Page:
Attorney General Merrick Garland

Attorney General Garland spent weeks deciding to sign off on the Mar-a-Lago search warrant. 
Garland eventually signed off and defended his decision to do so during a press conference.
The Department of Justice requested Monday that the search warrant affidavit remain unsealed.

In the weeks leading up to the FBI’s August 8 search of former President Donald Trump’s Mar-a-Lago home, Attorney General Merrick Garland debated whether or not to sign off on the warrant, The Wall Street Journal reported.

Garland met with Justice Department and FBI officials for weeks before making the decision to personally approve the warrant application, sources familiar with the matter told the WSJ. 

Former Deputy Attorney General Jamie Gorelick told the WSJ that Garland is “extremely careful” and “understands the critical role of an attorney general in these circumstances.”

“He appreciates the context in which this is occurring,” Gorelick told the WSJ. “I don’t think he considers politics at all, but I do think he recognizes the seriousness of actions against a former president.”

As a result of the search, FBI officials seized 11 sets of classified documents Trump had stored in his home office in Palm Beach, Florida.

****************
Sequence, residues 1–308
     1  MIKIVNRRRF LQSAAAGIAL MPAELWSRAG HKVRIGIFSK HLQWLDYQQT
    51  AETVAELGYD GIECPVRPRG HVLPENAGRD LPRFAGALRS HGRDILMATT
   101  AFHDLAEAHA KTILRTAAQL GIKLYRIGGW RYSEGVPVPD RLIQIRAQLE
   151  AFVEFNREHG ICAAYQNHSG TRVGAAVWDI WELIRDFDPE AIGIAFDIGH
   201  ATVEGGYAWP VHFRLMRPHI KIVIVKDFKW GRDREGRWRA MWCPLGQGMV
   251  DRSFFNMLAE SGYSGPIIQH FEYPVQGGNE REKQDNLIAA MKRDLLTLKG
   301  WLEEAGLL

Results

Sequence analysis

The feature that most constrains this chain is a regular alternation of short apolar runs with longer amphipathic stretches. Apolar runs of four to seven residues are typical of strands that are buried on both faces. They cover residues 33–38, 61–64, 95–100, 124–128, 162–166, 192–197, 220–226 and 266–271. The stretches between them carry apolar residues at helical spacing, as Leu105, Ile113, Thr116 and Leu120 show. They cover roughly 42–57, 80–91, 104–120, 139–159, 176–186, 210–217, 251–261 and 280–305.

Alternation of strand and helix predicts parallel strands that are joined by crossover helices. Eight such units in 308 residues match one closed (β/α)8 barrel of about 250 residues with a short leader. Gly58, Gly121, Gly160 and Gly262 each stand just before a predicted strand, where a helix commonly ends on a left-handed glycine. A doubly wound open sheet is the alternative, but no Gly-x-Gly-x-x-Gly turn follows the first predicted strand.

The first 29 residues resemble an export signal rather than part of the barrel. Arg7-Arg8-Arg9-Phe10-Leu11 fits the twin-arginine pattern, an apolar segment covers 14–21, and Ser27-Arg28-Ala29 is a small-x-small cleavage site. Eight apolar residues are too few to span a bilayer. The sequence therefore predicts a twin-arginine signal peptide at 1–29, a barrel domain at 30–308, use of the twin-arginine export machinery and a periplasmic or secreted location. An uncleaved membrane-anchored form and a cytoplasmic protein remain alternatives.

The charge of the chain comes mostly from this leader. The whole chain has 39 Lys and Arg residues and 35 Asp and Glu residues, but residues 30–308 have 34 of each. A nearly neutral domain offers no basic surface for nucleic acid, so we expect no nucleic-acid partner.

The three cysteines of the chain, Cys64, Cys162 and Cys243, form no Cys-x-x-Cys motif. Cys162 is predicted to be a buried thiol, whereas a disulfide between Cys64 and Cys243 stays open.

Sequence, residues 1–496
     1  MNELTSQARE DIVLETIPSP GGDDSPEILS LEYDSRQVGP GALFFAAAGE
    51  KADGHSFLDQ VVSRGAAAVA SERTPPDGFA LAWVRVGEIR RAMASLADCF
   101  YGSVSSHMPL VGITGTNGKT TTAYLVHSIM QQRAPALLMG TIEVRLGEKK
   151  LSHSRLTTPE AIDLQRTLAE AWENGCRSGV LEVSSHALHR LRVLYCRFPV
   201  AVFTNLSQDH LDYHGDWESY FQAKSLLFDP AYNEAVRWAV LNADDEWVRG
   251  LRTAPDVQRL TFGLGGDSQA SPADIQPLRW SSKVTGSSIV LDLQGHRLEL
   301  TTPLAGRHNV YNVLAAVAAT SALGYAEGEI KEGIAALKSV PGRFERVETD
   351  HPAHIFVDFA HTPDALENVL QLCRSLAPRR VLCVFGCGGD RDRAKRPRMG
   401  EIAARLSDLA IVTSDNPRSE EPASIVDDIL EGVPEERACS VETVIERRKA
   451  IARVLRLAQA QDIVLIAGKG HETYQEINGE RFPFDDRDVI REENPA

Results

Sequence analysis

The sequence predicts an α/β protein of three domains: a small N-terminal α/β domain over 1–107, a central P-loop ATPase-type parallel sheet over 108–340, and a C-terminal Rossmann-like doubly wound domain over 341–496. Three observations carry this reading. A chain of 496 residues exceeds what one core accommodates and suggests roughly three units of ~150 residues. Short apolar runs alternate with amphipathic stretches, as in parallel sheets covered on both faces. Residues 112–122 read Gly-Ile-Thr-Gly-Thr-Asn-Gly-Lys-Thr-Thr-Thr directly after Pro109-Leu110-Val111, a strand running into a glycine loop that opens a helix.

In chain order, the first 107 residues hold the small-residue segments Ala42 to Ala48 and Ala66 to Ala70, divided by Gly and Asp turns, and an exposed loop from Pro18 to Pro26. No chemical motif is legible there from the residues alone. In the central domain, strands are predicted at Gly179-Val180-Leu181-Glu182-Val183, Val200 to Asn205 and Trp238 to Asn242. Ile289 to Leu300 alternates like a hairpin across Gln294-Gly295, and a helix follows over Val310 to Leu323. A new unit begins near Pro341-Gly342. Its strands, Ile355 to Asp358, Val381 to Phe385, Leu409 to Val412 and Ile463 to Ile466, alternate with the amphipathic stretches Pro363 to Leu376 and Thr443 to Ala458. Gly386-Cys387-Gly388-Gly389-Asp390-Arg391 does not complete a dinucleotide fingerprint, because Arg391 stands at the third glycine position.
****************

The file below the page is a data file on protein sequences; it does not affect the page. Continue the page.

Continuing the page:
Following attacks by GOP party leaders and increased threats to federal officials, Garland defended the FBI and DOJ, calling them “patriotic public servants” during an August 11 press conference.

“I will not stand by silently when their integrity is unfairly attacked,” Garland told reporters.

Garland also made the decision to unseal the warrant he signed following Trump’s “public confirmation of the search, the surrounding circumstances, and the substantial public interest in this matter.”

Before Garland unsealed the warrant, Trump, through an intermediary, reportedly asked Garland how he could “reduce the heat” following the national uproar over the search.

On Monday, the Department of Justice requested that the search warrant affidavit remain sealed, saying that its release would cause “significant and irreparable damage” to an ongoing investigation that “implicates national security.”

The DOJ did not immediately respond to Insider’s request for comment.

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